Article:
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Cultivating Beauty: Indoor Gardening and the British Aesthetic Movement, 1860-1900

February 22 @ 3:30 pm - 5:00 pm

In this picture there is a woman in a white gown seated on a couch. She is brushing her long red hair and longing into a mirror that she is holding in her left hand. In the background there are flowers and greenery.
Dante Gabriel Rossetti, Lady Lilith (1867), The Metropolitan Museum of Art, 08.162.1, Rogers Fund, 1908

Monday Seminar:

Lindsay Wells

Dana-Allen Dissertation Fellow (2020-2021)

Art History, UW-Madison

 

How can plants illuminate the entwined legacies of empire and the environment in Victorian art? This question lies at the heart of my doctoral dissertation, which explores how artists associated with the British Aesthetic Movement used cultivated plants to visualize colonial and industrial expansion. Focusing on the visual culture of late-nineteenth-century Britain, my project recovers the environmental stakes of Aesthetic painting by interpreting its distinctive botanical imagery alongside concurrent trends in Victorian gardening. As coal consumption increased throughout the nineteenth century, so did the need to innovate new forms of horticulture that could protect plants from fossil fuel pollution. Advances in glasshouse engineering and the rise of terrariums and parlor gardening subsequently allowed the Victorians to grow miniature gardens within their homes, where they curated elaborate collections of ornamental flora from Africa, Asia, and other regions of British colonial activity. Indoor gardening grafted together the promise of environmental renewal with the politics of British imperialism, and my IRH presentation argues that it reworked the standards by which Aesthetic artists pictured colonial and industrial expansion as deeply rooted in the vegetal world.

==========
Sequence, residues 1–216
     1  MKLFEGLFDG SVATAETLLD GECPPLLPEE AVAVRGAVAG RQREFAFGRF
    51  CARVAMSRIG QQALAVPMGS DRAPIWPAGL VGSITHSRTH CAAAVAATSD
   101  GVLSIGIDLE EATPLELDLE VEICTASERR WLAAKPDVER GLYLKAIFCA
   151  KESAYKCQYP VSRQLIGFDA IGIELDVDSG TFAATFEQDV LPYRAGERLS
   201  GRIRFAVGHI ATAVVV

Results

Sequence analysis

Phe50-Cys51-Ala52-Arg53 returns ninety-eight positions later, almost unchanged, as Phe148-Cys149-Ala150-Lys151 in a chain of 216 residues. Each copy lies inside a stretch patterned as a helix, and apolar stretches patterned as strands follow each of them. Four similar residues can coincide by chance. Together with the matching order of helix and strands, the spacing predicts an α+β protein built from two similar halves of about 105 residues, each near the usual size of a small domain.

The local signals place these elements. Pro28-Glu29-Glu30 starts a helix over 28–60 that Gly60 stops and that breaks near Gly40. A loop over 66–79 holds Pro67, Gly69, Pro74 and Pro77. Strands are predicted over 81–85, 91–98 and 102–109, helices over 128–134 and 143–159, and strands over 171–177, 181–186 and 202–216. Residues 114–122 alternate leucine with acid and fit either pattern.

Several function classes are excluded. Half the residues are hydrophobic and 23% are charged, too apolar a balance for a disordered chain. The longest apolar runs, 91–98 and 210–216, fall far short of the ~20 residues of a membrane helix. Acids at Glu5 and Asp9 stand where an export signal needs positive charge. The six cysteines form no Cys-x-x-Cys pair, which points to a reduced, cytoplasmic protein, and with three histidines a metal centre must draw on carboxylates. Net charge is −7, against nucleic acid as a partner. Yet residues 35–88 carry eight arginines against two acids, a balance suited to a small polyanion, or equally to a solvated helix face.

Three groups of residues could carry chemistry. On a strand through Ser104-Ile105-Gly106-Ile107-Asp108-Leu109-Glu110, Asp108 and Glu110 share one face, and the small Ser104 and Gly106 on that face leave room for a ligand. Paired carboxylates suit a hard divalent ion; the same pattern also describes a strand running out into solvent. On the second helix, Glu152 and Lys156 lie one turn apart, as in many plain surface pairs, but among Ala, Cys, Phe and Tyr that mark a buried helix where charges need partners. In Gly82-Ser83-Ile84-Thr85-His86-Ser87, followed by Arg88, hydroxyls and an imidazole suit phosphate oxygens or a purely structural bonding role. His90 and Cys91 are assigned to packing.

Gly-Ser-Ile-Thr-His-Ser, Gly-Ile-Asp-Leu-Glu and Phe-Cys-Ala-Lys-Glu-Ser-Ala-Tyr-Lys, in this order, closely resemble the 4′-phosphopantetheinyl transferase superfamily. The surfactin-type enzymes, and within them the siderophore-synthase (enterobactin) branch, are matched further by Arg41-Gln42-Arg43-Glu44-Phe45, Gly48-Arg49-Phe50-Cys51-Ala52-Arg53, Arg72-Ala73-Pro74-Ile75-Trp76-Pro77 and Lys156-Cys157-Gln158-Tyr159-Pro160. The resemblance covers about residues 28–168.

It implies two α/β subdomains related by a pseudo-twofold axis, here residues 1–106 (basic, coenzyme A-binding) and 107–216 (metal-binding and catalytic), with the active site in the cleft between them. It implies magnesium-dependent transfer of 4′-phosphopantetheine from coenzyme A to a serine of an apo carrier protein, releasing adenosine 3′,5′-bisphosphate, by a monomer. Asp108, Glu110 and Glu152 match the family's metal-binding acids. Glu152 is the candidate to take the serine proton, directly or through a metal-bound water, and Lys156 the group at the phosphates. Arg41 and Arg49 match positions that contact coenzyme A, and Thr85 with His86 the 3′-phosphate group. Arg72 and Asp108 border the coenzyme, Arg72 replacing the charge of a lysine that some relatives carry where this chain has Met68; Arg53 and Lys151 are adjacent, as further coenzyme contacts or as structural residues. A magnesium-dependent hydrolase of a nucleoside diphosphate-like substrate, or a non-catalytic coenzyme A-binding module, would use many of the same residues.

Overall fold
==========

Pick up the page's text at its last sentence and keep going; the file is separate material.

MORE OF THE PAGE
Lindsay Wells is a PhD Candidate in the Department of Art History at the University of Wisconsin-Madison. Her research explores nineteenth-century British visual culture alongside the environmental legacies of botanical imperialism and fossil fuel pollution. Her articles on the cultural history of plants and gardening have appeared and are forthcoming in Victorian Studies, Victorian Literature and Culture, Victorian Periodicals Review, and The Palgrave Encyclopedia of Victorian Women’s Writing. Lindsay has received support for her research through fellowships with the Metropolitan Museum of Art, the Oak Spring Garden Foundation, the Winterthur Museum, the Delaware Art Museum, and the Huntington Library.

 

[Due to COVID-19, this event has been moved to a digital conferencing platform. To participate please send an email with your name, university affiliation, and how you heard about the event to IRH at info@irh.wisc.edu.]

Details

Date:
February 22
Time:
3:30 pm - 5:00 pm
Event Categories:
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